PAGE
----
Aug. 24: “Another pleasant chemotherapy session (second and final infusion of Round 2 – a round is three weeks: infuse, infuse, rest), and my first at the new Johns Hopkins Sidney-Not-Jimmy Kimmel Cancer Center at Sibley. Five or six hours in a chair sounds boring, but I could sit there twice as long. It is truly a highlight of my week. The nurses are smart and capable and funny. I have my books and my music and my Jacqueline. And I continue to feel good, aside from that one big asterisk. Soon we should be talking about more-advanced treatments. And in 40 years, give or take, they should be interviewing me for the documentary.”
Oct. 5: “Showed up for PET scan with one cat under each arm and the tech was like ‘WTH?' and I was like ‘WTH?' and, long story short, I could use $5,000 bail.”
Oct. 19: “I checked in [at Sibley] and they gave me a beeper. Just like at Cheesecake Factory.”
Taking cancer lying down wasn’t Bill’s style. So Ireland got checked off the bucket list when he hopped across the pond, in between chemo treatments in October, with Jacqueline. The dynamic duo also saw “Hamilton” in August, made a quick trip to Detroit with family in September and spent an early Christmas together at the Greenbrier Resort in mid-December. They even carved Halloween pumpkins this year. Bill’s gourd, a self-portrait of sorts, donned a jaunty bowler in a tip of the hat to the last of his three books, “Yes, I Could Care Less: How to Be a Language Snob Without Being a Jerk,” published in 2013.
Bill wrote two other books – “Lapsing Into a Comma” (2000) and “The Elephants of Style” (2004) – and founded his popular copy-editing blog, The Slot, in 1995. He was also a must-read on Twitter for his 16,000-plus followers. Plainly put, Bill was a copy-editing rock star: a master of language and a generous teacher, an extraordinarily clever headline writer and the gatekeeper of The Washington Post Stylebook. Before the multiplatform desk was created in 2010, of which Bill was the lead slot editor, he was the copy chief of the Financial and National sections during his 20 years in the newsroom. Bill was also superhumanly efficient and an organizational wonder who did not believe in taking sick days.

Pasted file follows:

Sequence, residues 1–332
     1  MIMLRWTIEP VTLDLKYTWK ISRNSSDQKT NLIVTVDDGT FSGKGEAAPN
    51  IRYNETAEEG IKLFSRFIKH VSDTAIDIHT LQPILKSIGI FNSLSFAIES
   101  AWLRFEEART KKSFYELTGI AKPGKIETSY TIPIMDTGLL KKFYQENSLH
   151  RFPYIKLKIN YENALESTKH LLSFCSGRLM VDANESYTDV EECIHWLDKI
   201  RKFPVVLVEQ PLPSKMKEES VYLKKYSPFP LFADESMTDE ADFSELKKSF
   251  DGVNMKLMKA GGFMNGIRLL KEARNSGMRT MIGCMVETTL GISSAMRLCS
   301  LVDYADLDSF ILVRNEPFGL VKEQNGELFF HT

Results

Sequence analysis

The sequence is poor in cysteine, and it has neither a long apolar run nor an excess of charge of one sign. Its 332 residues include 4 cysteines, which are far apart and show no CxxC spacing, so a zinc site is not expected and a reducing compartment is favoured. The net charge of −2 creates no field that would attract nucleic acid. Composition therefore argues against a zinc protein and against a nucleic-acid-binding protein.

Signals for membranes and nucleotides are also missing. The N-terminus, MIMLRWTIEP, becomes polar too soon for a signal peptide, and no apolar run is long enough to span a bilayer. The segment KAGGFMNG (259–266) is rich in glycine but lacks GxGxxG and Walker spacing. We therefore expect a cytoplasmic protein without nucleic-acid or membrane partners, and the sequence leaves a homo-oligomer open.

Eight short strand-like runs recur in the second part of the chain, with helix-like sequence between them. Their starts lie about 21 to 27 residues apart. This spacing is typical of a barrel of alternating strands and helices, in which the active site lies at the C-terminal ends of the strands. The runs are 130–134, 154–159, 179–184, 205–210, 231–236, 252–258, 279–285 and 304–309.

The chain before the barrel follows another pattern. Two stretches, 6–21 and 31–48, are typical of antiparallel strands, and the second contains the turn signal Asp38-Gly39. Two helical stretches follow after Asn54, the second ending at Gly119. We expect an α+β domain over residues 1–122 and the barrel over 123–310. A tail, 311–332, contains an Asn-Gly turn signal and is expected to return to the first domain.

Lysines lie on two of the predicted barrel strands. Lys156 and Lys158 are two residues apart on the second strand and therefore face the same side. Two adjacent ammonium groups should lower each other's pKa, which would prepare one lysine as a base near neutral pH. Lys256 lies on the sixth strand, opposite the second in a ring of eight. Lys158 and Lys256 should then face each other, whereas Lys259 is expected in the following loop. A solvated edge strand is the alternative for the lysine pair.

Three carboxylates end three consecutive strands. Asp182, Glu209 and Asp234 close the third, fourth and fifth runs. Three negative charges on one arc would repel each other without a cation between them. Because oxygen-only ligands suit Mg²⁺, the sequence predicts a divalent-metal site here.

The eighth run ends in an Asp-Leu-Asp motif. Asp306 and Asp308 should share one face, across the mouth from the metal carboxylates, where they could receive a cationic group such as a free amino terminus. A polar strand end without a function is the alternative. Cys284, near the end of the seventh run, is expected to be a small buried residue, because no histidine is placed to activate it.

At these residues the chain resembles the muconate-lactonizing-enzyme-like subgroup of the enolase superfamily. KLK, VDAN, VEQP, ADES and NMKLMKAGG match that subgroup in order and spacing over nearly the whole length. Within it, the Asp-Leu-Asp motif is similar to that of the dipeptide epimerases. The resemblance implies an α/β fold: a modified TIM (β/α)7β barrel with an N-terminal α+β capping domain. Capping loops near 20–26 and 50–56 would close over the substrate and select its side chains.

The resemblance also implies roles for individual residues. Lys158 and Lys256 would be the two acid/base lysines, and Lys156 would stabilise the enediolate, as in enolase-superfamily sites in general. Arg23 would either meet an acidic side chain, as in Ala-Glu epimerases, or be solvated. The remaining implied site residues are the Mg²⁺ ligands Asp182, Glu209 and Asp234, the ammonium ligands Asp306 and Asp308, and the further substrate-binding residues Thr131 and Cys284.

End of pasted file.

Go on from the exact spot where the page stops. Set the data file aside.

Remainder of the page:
Bill Walsh's magic lay in his dry wit, urbane sensibility and pitch-perfect curmudgeonly fa├žade that he played to great effect, a popular grumpy-old-man character that merely veiled a heart as big as the District. Bill was a doting husband, a caring friend and a worldly, engaged and passionate man, all reminders of a life well-lived.
The tennis-playing, bicycle-riding, cat-loving, all-around-great-guy also loved hyphens. So to all the newsroom folks out there: When in doubt, use hyphens with your compound modifiers, live life to the fullest and find smart humor wherever you can.
Bill did.



Friend in D.C. sent me pics of the print edition, complete with B1 refer.


UPDATE: 


John McIntyre of the Baltimore Sun on my brother's passing. I couldn't have written a better headline myself. Read HERE.

5 comments:

Trent said...

So sorry for your loss, Kenneth. He was an amazing writer and sounds like an even more remarkable brother. Take care of yourself.

AlexandriaVic said...

Ken,

My deepest condolences to you and your family.

May sadness, in time, turn into happiness as you remember all the fun times you had with your brother.

I am happy that you all had time to spend with Bill during his illness.

Be well.

Victor

Boomer said...

What a wonderful tribute.

Dave in Texas said...

What a touching tribute.

Michael said...

I am so sorry for your loss; sending deepest condolences to you and your family.
The tribute is wonderful! I am thinking of you...